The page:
The Chicago Council of Lawyers Thursday asked state agencies that investigate allegations of misconduct on the part of lawyers and judges to look into possible collusion between Circuit Judge Robert Sulski and the lawyer who became a candidate to succeed Sulski on the bench.
The council asked the Illinois Judicial Inquiry Board to investigate Sulski, a judge for 17 years and a former Chicago alderman. It also asked the Attorney Registration and Disciplinary Commission to investigate Irwin Solganick, a member of the law firm operated by Ald. Edward Vrdolyak (10th).
“Any conscious attempt to rig the judicial selection process threatens both that process and the administration of justice in general,“ said Robert Perkins, council president.
Referring to what he called the “the Sulski-Solganick stunt,“ Perkins said Sulski, whose latest six-year term as a Cook County Circuit Court judge expires in November, notified the Illinois secretary of state`s office Dec. 2 that he would seek retention.
But at 2 p.m. Dec. 15, the last day for filing nominating petitions to become a candidate to fill a judicical vacancy, Sulski delivered a letter to the secretary of state`s office saying he would not seek retention.
At 3:17 p.m. the same day, Solganick filed petitions in Springfield with the Illinois Election Board seeking to be listed on the March 18 primary ballot as a candidate to fill Sulski`s vacancy. The petitions contained 500 citizens` signatures, as required by law.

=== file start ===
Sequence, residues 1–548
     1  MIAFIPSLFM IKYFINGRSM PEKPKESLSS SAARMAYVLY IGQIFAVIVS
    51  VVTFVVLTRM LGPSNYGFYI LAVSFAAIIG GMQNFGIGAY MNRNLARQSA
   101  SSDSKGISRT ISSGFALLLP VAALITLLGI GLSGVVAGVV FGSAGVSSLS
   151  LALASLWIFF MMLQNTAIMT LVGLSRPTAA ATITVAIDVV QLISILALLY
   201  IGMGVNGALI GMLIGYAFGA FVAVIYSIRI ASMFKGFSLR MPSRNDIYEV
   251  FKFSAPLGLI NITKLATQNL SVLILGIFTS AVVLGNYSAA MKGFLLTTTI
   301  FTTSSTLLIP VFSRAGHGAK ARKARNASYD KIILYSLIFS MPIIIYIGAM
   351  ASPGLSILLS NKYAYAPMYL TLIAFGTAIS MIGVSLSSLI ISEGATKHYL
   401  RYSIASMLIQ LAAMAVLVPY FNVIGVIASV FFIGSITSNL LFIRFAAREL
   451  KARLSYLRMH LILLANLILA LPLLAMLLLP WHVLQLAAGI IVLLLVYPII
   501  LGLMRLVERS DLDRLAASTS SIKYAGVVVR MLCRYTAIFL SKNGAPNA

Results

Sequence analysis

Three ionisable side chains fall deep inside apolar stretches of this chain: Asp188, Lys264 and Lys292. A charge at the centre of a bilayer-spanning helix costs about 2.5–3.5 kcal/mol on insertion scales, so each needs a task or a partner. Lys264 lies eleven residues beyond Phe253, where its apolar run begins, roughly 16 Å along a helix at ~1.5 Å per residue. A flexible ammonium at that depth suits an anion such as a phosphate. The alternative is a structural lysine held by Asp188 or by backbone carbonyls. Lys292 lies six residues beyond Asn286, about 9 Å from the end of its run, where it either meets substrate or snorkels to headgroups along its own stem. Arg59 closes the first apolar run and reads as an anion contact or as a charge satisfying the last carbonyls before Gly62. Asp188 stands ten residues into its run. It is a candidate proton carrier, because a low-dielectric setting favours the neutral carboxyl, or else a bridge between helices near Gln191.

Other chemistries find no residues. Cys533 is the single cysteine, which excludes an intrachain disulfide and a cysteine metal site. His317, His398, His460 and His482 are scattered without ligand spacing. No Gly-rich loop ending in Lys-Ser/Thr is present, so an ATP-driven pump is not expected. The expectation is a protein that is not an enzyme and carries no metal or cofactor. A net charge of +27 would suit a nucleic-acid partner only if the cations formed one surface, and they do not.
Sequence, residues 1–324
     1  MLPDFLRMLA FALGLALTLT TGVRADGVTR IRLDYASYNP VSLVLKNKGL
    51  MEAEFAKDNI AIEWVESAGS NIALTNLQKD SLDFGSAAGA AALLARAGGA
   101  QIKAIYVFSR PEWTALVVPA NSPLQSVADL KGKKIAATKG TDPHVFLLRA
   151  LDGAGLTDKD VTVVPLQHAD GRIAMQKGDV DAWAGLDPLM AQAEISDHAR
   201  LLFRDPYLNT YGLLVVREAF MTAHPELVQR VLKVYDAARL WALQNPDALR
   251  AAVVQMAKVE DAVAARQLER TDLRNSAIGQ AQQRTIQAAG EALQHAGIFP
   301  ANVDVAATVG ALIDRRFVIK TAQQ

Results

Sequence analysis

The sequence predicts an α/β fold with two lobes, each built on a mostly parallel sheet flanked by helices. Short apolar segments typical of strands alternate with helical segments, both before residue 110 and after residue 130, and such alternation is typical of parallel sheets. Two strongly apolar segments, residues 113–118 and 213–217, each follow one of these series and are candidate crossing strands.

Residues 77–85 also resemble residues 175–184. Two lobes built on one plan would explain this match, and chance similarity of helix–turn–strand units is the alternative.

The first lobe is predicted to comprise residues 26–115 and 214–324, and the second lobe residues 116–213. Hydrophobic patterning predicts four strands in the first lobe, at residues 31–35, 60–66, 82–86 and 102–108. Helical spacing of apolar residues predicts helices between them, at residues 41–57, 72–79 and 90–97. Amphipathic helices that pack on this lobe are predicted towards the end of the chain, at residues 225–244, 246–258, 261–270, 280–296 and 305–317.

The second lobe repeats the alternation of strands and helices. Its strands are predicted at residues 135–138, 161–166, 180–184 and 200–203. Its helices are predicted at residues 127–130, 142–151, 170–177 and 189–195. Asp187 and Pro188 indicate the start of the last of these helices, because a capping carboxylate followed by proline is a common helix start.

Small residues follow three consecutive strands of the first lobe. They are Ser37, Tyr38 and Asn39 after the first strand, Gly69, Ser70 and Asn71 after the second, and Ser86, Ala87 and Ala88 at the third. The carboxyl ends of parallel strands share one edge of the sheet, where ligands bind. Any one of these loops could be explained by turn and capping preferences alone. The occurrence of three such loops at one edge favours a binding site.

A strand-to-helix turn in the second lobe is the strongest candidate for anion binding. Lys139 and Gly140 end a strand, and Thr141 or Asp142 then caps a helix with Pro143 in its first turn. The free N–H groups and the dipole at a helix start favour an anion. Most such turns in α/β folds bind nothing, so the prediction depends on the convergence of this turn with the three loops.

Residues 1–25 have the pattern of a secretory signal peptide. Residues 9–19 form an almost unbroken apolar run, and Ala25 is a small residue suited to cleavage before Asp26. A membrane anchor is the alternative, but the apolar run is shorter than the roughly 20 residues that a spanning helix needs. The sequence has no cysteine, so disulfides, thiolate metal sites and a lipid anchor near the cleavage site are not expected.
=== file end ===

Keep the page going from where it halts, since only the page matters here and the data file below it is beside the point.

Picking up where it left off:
Solganick is the only Democrat seeking to succeed Sulski. The judgeship is a Chicago-only seat in which the Democratic candidate`s election in November is considered certain.
Sulski, reached at his Chicago home about noon Thursday, declined to comment, except to say that he has no plans to leave the bench before his term expires. Attempts to reach Solganick for comment were unsuccessful.
Perkins also reaffirmed the council`s support for merit selection of judges and called for a nonbinding referendum on March 18 to allow Cook County residents to vote on whether they favor merit selection.
Jeanne Quinn, a Cook County Board member from Oak Park, plans to ask the county board to place the issue on the ballot here. The referendum would be nonbinding because only the Illinois General Assembly can create a merit slection system. The legislature is expected to consider merit selection proposals later this year.
The Judicial Inquiry Board, which looks into allegations of wrongdoing by judges, makes its findings known to the Illinois Courts Commission, which has the power to punish judges. The punishments range from reprimands to removal from the bench. Sulski was reprimanded by the commission in 1974 for mishandling two cases before him in 1969.
The Attorney Registration and Disciplinary Commission makes its findings known to the Illinois Supreme Court, which can impose punishments on lawyers.